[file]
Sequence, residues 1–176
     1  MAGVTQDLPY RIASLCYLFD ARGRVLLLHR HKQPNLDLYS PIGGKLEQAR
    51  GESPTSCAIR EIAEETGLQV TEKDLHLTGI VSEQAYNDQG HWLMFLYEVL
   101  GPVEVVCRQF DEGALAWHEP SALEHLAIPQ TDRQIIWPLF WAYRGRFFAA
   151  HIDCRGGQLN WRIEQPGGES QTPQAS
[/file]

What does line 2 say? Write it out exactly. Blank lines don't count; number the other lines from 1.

     1  MAGVTQDLPY RIASLCYLFD ARGRVLLLHR HKQPNLDLYS PIGGKLEQAR